He died aged 67 of a heart attack in Moscow on the evening of August 25.
MacDougall, together with his wife Catherine who remains managing director of the business, founded the eponymous auction house in 2004, at a time when the Russian art market in London was burgeoning.
The couple had previously been London-based City analysts and art collectors themselves but sensed an opening in the market and decided to “realise the dream” of starting their own auction house.
With a host of new Russian clients entering the sector and a market increasingly centred on London, as well as benefitting from the removal of a 30% tax applied to all art imports into Russia in January of that year, the MacDougalls held their first sale at 33 St James Square in November 2004.
By promoting many lesser-known Russian artists alongside more established names, the firm gained a foothold in one of the art market’s fastest growing sectors. This, along with a less conventional and unstuffy approach, allowed it to compete with the likes of Sotheby’s, Christie’s and Bonhams, and generate rising totals through the ‘boom’ period.
In November 2012, the firm’s Russian-week series generated a total of £5.52m but the equivalent sales in 2017 reached £9.85m which included a record for a Soviet realist painting when Heroes of the first five year plan by Aleksandr Deinek (1899-1969) was knocked down at £2.2m.
MacDougall's successfully spread into other areas including Russian icons, works of art and paintings from other post-Soviet Eastern Bloc countries, and became the first western-based saleroom with representatives in both Moscow and Kyiv.
An attempt to break into the Old Master market in 2010 however proved more difficult.
Following the invasion of Ukraine earlier this year and the imposition of new sanctions on Russian clients, the firm was forced to drop its ‘Russia-week’ series along with other salerooms and the future of these events remains uncertain.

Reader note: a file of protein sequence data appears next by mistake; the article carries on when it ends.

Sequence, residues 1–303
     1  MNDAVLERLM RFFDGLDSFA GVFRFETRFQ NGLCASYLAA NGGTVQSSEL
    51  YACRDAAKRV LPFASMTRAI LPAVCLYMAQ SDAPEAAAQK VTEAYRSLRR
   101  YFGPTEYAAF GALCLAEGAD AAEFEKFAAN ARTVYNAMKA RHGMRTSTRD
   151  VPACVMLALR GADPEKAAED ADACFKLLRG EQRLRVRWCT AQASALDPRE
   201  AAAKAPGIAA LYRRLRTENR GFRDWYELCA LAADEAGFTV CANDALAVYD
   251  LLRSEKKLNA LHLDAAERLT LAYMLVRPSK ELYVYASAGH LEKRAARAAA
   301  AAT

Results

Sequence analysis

MacDougall was born in Canada but moved to California with his family aged four. His father worked for IBM and he grew up in Silicon Valley, in Palo Alto, and went to Stanford to read economics.
His family had strong Scottish but also Russian heritage. His grandfather was Alexander Chuhaldin, a famous lead violinist at the Bolshoi Theater who left Russia in 1924 and emigrated to Canada. He later became conductor of the Canada Broadcasting Company’s Radio Orchestra and had his portrait painted by Natalia Goncharova.
During Mikhail Gorbachev’s period of perestroika, MacDougall first visited Russia after receiving a letter from a Russian relative, staying in Malakhovka, a suburb of Moscow, where his closest relatives lived. There he met Catherine, who was born in Moscow and whose great-grandfather had been a friend of Chuhaldin.
Later in life, MacDougall became Russian Orthodox and, following his death, he was buried in Malakhovka.
Catherine MacDougall has now returned to the UK and said she hopes “the situation to improve” in terms of the viability of future auctions. She told ATG: “As far as the future auctions are concerned, we will watch and see and pray. Russian art and culture have not been cancelled all together. Not forever, at any rate.”